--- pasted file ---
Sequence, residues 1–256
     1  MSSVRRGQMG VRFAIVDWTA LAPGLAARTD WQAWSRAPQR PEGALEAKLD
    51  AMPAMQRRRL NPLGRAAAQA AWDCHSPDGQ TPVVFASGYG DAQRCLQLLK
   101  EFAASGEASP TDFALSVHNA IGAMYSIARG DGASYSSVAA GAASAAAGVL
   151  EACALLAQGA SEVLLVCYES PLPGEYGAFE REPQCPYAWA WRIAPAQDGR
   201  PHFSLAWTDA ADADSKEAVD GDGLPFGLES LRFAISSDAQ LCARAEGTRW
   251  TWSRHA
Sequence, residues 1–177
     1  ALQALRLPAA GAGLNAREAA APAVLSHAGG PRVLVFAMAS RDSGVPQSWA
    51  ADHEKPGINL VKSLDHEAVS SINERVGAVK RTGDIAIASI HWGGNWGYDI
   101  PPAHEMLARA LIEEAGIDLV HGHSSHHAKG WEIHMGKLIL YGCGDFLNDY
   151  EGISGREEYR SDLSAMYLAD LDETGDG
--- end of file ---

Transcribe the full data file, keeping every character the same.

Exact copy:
Sequence, residues 1–256
     1  MSSVRRGQMG VRFAIVDWTA LAPGLAARTD WQAWSRAPQR PEGALEAKLD
    51  AMPAMQRRRL NPLGRAAAQA AWDCHSPDGQ TPVVFASGYG DAQRCLQLLK
   101  EFAASGEASP TDFALSVHNA IGAMYSIARG DGASYSSVAA GAASAAAGVL
   151  EACALLAQGA SEVLLVCYES PLPGEYGAFE REPQCPYAWA WRIAPAQDGR
   201  PHFSLAWTDA ADADSKEAVD GDGLPFGLES LRFAISSDAQ LCARAEGTRW
   251  TWSRHA
Sequence, residues 1–177
     1  ALQALRLPAA GAGLNAREAA APAVLSHAGG PRVLVFAMAS RDSGVPQSWA
    51  ADHEKPGINL VKSLDHEAVS SINERVGAVK RTGDIAIASI HWGGNWGYDI
   101  PPAHEMLARA LIEEAGIDLV HGHSSHHAKG WEIHMGKLIL YGCGDFLNDY
   151  EGISGREEYR SDLSAMYLAD LDETGDG